Gov. Kathy Hochul has said she'll seek changes in the way government and lobbying conduct are monitored and enforced. Specifically, she's looking to revamp the Joint Commission on Public Ethics, created under her predecessor, Andrew M. Cuomo.
Improving JCOPE’s transparency and impartiality would be welcome. Corruption scandals are perennial in Albany, as are proposed legislative fixes.
But while settling in, Hochul needs to get her own ethical house on firm ground — by resolving potential conflicts involving those close to her. Here are a few unique personal facts she confronts:
Her husband, William Hochul, the former U.S. attorney in Buffalo, is vice chairman and general counsel for the high-rolling gambling and hospitality company Delaware North, which until recently operated Jake's 58 casino in Islandia.
The new governor now has within her official domain the State Gaming Commission, which oversees all legal gambling in the state. In addition, Delaware North has $50 million worth of concession contracts with the Thruway Authority and state parks department, combined, which fall indirectly in the governor's sphere of influence.
So far, the governor's office has said Delaware North has an internal "firewall" that keeps William Hochul away from state government matters. But welcome assurances aren't enough. Gov. Hochul should draw a sharp, specific, and convincing line between her public duties and sources of family income — beyond the laws against crude self-dealing.
One rung down from Gov. Hochul in the hierarchy, top aide Karen Persichilli Keogh is married to Mike Keogh, a partner in the lobbying and communications firm Bolton-St. Johns, where he's part of a team representing clients like Google and Verizon. That's an awkward echo of the last administration; Giorgio DeRosa, the father of Keogh's predecessor as secretary to the governor, Melissa DeRosa, was and still is a leading partner at Bolton-St. Johns.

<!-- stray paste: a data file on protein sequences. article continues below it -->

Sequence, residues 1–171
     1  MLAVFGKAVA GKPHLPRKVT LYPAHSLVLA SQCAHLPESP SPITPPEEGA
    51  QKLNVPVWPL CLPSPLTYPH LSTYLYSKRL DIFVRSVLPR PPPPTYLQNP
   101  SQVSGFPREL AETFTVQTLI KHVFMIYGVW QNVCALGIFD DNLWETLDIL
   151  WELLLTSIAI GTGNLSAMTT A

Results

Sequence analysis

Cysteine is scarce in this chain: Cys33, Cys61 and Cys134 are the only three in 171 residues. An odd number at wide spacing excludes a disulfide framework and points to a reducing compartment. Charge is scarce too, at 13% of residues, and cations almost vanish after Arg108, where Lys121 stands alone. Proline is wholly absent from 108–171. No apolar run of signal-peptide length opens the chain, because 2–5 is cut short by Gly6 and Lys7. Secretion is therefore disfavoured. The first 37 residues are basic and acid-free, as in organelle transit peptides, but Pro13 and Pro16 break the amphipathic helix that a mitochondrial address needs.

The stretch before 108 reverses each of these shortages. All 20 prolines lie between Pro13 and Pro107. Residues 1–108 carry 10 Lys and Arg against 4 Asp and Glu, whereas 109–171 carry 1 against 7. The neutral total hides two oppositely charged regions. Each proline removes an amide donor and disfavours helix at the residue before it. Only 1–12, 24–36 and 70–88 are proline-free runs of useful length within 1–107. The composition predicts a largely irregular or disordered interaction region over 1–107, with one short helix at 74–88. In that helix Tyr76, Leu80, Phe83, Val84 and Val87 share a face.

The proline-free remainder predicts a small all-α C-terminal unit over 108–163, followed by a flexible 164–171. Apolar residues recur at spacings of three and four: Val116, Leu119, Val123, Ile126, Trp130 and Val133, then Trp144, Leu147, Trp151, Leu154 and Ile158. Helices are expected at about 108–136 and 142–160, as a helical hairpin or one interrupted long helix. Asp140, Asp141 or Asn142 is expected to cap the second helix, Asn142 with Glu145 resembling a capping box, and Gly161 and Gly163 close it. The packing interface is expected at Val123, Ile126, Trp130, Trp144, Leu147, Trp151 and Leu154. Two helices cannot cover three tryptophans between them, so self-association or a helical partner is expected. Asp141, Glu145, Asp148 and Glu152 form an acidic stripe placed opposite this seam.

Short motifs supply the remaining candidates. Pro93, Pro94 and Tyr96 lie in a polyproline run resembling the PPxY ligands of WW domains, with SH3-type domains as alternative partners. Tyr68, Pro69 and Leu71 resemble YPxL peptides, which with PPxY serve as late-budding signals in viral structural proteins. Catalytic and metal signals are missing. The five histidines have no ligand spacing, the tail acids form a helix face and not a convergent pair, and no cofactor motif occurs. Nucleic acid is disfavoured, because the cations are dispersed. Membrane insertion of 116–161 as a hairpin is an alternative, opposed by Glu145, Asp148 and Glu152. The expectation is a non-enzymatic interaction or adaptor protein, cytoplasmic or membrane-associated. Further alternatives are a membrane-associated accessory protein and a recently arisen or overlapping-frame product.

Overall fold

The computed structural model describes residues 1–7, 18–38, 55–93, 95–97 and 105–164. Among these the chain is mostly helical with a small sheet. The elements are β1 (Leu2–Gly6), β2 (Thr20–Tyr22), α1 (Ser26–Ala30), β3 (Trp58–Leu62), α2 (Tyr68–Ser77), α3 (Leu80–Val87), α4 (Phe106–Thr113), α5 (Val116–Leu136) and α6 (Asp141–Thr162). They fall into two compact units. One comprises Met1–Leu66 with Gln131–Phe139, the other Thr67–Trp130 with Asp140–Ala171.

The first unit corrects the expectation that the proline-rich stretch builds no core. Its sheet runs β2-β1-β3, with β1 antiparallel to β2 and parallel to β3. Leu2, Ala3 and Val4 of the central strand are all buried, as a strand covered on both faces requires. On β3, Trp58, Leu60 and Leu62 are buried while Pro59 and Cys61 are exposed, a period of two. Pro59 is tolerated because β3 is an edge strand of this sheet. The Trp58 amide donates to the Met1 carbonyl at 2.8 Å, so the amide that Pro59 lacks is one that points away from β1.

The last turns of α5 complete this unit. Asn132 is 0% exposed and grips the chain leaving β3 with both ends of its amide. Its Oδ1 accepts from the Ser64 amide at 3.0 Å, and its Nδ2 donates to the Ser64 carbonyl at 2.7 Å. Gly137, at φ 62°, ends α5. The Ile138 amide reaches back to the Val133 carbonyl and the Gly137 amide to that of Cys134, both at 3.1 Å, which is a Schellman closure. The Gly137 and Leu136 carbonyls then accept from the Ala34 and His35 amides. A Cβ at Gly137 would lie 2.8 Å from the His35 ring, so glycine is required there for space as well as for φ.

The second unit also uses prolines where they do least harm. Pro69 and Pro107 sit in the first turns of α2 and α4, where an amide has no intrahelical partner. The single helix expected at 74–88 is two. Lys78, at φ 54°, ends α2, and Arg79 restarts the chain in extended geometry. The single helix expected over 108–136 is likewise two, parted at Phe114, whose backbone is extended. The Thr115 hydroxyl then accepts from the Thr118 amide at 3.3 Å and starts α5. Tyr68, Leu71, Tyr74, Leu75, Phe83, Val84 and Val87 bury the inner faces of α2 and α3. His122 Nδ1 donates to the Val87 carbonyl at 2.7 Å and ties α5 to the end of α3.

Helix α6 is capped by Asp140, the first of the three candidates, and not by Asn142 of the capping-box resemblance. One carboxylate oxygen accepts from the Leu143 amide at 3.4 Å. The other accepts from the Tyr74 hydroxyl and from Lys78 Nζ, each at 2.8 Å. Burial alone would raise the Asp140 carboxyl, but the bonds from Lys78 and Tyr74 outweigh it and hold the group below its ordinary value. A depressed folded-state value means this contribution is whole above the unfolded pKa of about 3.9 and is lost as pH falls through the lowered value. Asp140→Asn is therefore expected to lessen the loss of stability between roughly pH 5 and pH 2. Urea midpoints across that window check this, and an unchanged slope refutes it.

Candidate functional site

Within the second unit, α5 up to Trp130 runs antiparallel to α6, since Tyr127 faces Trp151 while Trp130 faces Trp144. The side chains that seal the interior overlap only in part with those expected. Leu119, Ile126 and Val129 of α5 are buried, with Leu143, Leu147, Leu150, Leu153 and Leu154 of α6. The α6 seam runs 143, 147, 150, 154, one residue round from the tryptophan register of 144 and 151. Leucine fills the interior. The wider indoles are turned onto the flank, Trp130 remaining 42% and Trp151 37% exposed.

Christina Hochul, married to the governor’s son William Hochul III, is a director of federal policy at Biogen. The pharma company reportedly took part in a recent lobbying campaign in New York involving Alzheimer's research. There's no sign the governor's daughter-in-law lobbies state government or that any improper influence was obtained in prior administrations because of connections. But clarity is needed, and fortunately the current system gives Hochul at least one tool.
Blair Horner, executive director of the New York Public Interest Research Group, said: "The governor should request from JCOPE a formal advisory opinion on how to keep separate the work of the state from her family members who are lobbyists. Under the law, JCOPE cannot make their opinions public, but the governor can — and should."
We highly recommend that as an immediate step — for the Hochuls, the Keoghs, and other high-profile figures. After years of high-level Albany scandals involving the abuse of public clout for private gain, Hochul needs to issue the strongest possible assurances about the integrity of her administration right away.
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